Stocks closed at the days highs, tacking on modest gains as investors searched for a clear market direction after a package of mixed economic data and Japan’s strongest attempt in years to tame its soaring yen.
The Dow Jones Industrial Average added 46.24 points, or 0.44%, at 10572.73, helped by a 2.9% climb at Travelers and a 1.7% gain at Kraft Foods. Pfizer also rose 1.1% as health-care stocks led the broader market.
The Nasdaq Composite advanced 0.50% to 2301.32, while the Standard & Poor’s 500-stock index edged up 0.35% to 1125.07.
Traders said that the recent rise in investor optimism has helped push the market up to the top of its tight trading range. One key signal will be whether the S&P 500 can break through the 1130 level.
“There’s a lot of uncertainty in the U.S. in terms of what direction where we’re heading in,” said John M. Burns, portfolio manager at Bingham, Osborn & Scarborough LLC. “I can’t remember a time in my experience when you have this many people on opposite sides of the debate, whether we dip or climb.”
Trading volumes remained low, with about 3.5 billion shares changing hands in New York Stock Exchange Composite volume, far below the year’s average of five billion shares.
Jim Peters, chief executive officer of Birmingham, Mich.-based Tactical Allocation Group, said he saw few reasons for cheer, given what he called a questionable recovery.
“We don’t see the evidence for growth,” Mr. Peters said. “I don’t know how we can expect the kind of [corporate] revenue gains that analysts are expecting given the shape of the macroeconomy.”
Keeping the market trapped in a narrow band, investors mulled over a wave of foreign-exchange intervention by Japan totaling about $16 billion to stop the climbing yen that threatens to cripple its economy. The move, which sent the dollar higher against the yen, marked the first time Japanese authorities publicly intervened in currency markets since 2004.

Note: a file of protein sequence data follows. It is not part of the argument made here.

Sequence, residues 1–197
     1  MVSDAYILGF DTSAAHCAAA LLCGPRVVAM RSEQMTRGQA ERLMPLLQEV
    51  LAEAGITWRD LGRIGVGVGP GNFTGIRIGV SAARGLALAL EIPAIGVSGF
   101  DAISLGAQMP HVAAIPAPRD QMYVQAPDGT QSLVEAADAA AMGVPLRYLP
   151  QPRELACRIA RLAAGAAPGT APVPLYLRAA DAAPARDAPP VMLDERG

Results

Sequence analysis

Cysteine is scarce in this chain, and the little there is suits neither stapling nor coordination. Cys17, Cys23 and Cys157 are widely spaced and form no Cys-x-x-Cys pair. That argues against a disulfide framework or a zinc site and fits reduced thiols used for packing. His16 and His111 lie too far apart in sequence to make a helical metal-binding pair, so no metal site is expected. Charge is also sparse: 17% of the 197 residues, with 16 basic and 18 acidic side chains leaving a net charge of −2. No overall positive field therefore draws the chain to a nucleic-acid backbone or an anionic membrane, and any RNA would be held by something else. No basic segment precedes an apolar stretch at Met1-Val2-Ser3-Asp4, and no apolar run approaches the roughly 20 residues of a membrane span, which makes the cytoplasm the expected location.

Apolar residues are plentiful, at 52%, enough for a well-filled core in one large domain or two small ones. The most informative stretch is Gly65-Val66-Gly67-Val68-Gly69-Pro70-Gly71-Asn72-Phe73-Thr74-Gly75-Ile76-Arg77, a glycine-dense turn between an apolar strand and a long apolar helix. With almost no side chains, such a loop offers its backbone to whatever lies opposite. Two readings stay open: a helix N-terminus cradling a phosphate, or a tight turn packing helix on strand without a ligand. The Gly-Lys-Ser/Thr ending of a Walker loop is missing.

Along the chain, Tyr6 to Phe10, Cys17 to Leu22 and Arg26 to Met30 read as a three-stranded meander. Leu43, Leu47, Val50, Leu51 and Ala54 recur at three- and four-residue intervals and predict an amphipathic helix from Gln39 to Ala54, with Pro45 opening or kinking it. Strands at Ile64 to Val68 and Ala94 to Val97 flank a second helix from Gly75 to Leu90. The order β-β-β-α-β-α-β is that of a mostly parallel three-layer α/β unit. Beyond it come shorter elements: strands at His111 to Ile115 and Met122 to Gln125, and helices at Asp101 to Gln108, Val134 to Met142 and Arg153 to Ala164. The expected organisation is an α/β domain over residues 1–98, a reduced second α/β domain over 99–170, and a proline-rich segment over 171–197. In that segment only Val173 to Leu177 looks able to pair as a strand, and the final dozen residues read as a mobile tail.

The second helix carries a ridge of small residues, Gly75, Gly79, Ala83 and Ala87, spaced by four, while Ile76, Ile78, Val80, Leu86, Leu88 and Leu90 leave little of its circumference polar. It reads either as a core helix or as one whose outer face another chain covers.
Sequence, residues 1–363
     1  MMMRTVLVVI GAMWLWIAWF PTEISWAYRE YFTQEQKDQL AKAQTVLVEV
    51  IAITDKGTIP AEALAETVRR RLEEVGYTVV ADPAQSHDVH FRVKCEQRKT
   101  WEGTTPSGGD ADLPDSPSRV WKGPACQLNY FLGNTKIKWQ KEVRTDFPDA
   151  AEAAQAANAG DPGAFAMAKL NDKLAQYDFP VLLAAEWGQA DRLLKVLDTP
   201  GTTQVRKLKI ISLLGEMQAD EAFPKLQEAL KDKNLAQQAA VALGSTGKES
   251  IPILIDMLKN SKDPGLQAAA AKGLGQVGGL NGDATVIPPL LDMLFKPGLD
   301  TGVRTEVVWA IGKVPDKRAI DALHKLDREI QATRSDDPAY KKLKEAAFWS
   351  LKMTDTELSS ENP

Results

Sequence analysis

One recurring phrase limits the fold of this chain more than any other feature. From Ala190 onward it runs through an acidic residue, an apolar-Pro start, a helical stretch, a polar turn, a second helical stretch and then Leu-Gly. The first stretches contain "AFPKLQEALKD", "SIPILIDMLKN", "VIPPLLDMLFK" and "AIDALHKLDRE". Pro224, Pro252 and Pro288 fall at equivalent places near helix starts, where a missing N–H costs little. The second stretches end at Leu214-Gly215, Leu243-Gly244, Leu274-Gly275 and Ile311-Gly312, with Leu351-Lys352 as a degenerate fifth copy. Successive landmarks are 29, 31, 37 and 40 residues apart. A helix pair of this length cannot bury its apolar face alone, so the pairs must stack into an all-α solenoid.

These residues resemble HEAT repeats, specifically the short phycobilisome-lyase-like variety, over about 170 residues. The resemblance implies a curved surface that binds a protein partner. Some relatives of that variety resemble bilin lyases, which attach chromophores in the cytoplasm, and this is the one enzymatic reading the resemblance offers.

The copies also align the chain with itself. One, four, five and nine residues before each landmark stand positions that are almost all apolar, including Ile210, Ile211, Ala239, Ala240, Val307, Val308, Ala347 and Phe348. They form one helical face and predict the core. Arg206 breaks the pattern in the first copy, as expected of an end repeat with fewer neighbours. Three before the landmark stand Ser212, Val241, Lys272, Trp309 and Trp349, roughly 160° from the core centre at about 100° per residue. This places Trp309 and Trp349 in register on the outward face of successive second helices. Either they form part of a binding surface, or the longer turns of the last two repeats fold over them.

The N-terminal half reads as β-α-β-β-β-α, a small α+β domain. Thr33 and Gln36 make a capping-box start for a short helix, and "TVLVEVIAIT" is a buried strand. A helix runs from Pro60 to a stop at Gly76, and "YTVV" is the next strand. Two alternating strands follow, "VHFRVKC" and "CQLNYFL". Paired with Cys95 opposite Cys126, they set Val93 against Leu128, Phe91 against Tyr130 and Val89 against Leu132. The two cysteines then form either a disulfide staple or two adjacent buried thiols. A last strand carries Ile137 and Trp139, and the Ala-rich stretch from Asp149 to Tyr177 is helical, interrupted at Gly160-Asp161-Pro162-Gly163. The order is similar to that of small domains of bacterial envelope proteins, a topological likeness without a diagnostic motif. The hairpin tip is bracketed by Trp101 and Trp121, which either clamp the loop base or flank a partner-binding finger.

Analysts were generally skeptical about whether the intervention would have any lasting effects.
“History is full of many failed interventions and we’re not convinced from a global macro standpoint this is particularly material,” said Douglas Kreps, managing director at Fort Pitt Capital Group. “Japan is clearly fighting the effects of the yen … but given the levels of currency trading world-wide, it’s pretty difficult to have a government have a meaningful impact beyond short-term impact.”
The dollar rose more than 3% to trade above 85 yen following the intervention, and was recently fetching 85.58 yen. The U.S. Dollar Index, tracking the U.S. currency against a basket of six others, rose 0.4%.
Japan’s Nikkei Stock Average surged after the intervention, closing up 2.3%, its largest one-day gain since late July. Most major European indexes were lower, weighed down by weak U.K. employment data.
Treasurys edged higher, pushing the yield on the 10-year note down to 2.72%. Crude-oil prices slipped below $77 a barrel.
Among U.S. data, a Federal Reserve report on New York-area manufacturing showed a slower pace of expansion than in August, while expectations about economic activity in the New York region continued to deteriorate.
Separate data showed U.S. industrial production rose for a second straight month in August, but the increase was smaller than expected. Meanwhile, U.S. import prices rose more than expected in August from July.
“We’re getting a mixed bag of data domestically, which shows things are maybe not rolling over, but are slowing down,” Mr. Mills said.